Elizabeth Patitsas presented a nice paper comparing introducing algorithms serially (“Here’s algorithm A that solves that problem…and now here’s algorithm B…”) vs as compare-and-contrast (“Here are two algorithms that solve that problem…”). Compare-and-contrast is better, and better when learning algorithms than even the existing education literature suggests. I mentioned this result in class just yesterday. I’m teaching our TA preparation class, and a student who teaches algorithms asked me, “Am I responsible for my students’ learning?” I showed the students Elizabeth’s result then asked, “If you know that teaching one way leads to more learning than another, aren’t you morally or ethically required to teach using the better method?”

Michelle Friend and Rob Cutler described a group of middle school girls figuring out a complicated algorithm problem (involving finding the maximum height that an egg drop protection mechanism will work). They showed that, without scaffolding, the girls were able to come up with some fairly sophisticated algorithms and good analyses of the speed of their algorithms. We’re getting somewhere with our understanding of CS learning at the schools age.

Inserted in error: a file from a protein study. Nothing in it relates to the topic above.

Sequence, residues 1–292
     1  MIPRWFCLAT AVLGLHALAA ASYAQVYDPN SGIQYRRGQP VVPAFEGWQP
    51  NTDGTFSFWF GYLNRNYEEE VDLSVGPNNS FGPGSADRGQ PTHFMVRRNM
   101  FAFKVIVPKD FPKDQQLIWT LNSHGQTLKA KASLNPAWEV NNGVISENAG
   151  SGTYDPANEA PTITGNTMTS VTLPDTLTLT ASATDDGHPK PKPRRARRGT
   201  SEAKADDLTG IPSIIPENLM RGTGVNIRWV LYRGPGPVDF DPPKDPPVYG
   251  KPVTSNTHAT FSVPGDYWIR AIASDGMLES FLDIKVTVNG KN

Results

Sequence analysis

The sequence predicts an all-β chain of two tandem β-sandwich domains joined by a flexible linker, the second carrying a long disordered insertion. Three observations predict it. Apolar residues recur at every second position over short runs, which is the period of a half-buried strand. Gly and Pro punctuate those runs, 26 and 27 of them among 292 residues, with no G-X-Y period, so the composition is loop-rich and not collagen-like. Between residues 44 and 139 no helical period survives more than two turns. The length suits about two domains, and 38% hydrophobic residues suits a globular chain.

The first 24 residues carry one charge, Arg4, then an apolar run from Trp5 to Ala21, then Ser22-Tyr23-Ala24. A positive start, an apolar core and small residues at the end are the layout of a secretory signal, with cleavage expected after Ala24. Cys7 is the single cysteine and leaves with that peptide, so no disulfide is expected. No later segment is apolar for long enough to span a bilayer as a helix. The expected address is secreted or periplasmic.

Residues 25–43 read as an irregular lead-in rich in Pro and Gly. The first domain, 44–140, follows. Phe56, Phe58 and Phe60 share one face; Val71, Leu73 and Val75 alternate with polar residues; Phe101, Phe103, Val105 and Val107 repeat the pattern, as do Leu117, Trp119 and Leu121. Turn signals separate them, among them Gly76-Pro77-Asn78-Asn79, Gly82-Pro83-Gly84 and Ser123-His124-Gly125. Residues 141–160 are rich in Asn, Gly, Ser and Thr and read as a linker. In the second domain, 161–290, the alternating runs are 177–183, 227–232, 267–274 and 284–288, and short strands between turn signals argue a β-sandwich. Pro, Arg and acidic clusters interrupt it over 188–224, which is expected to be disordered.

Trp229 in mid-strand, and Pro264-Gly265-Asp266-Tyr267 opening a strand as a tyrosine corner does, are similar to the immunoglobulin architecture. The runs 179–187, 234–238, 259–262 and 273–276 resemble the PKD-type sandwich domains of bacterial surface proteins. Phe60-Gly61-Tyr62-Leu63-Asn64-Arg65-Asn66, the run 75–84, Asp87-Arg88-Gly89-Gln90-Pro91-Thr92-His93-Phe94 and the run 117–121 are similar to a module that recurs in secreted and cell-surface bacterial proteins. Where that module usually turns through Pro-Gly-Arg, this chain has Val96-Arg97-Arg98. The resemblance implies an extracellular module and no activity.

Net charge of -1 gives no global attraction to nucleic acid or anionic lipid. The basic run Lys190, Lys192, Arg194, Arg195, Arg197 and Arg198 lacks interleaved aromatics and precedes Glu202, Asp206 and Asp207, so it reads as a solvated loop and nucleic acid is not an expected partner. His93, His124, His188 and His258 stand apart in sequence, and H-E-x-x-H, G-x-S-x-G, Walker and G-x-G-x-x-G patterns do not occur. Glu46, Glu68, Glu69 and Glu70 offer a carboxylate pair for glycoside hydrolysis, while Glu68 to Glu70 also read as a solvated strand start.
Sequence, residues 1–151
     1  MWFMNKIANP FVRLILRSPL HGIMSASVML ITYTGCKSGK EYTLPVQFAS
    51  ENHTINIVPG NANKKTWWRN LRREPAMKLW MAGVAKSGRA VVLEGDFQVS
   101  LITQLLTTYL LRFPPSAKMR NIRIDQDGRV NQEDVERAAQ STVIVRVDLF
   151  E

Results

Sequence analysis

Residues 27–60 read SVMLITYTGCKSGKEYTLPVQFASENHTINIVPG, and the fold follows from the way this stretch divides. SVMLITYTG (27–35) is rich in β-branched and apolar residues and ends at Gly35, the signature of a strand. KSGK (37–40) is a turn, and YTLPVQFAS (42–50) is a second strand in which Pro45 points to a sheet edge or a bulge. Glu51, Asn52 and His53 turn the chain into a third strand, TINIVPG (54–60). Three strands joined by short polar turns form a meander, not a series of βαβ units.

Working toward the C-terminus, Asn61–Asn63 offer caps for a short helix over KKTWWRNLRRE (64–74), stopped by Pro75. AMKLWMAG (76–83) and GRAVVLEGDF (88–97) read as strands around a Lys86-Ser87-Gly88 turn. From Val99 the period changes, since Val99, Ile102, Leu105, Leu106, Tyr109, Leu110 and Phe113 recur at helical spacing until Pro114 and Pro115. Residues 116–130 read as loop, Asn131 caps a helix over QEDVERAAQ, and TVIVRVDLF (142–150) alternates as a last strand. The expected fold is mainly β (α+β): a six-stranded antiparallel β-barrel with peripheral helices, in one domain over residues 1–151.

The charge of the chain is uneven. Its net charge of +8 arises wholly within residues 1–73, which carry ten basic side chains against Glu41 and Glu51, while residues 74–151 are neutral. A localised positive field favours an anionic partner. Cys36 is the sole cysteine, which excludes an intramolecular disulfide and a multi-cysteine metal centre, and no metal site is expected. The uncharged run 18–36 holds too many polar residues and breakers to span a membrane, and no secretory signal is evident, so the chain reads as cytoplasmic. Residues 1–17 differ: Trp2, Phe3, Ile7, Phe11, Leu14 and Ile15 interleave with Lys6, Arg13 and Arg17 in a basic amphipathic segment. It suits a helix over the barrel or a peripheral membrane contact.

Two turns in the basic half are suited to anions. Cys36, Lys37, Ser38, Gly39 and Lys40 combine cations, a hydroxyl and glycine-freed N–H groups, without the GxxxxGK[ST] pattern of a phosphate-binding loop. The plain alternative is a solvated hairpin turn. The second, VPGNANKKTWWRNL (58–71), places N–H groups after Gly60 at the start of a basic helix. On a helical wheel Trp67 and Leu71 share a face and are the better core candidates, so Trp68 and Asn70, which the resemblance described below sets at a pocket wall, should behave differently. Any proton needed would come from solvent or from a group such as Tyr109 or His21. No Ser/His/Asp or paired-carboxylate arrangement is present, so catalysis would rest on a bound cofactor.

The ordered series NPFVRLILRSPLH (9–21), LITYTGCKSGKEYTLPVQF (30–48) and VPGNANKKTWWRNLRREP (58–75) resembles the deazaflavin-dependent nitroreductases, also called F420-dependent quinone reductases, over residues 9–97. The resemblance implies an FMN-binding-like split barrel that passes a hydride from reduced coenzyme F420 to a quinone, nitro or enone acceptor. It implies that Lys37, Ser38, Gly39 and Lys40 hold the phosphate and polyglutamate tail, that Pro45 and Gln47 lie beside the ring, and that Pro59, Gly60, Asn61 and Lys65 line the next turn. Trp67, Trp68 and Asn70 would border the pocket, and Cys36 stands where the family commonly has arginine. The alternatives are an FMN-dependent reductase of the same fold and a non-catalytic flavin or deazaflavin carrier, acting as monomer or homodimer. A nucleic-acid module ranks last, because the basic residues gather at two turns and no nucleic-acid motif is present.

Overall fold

And I totally admit that my impression of this ICER is influenced by my paper on Media Computation winning the Chair’s Paper Award. Michael Lee won the popular vote “John Henry Award.” (I voted for him, too.)

I’m skipping a lot: Mike Hewner presenting on his thesis, an interesting replication of the McCracken study, new ideas about PCK and threshold concepts.  It was a great event, and I could write a half dozen posts about the ideas from the conference. Next year’s ICER is in Glasgow, 11-12 August. I am very much looking forward to it, and am working on my papers to submit already.

August 29, 2013 at 1:49 am 3 comments

CSTA Blog on new UChicago study of US CS high school teachers

The University of Chicago has released their latest study on the state of CS Education in US high schools. This one is a survey of CS teachers around the country, and Baker Franke introduces the study on the CSTA Blog.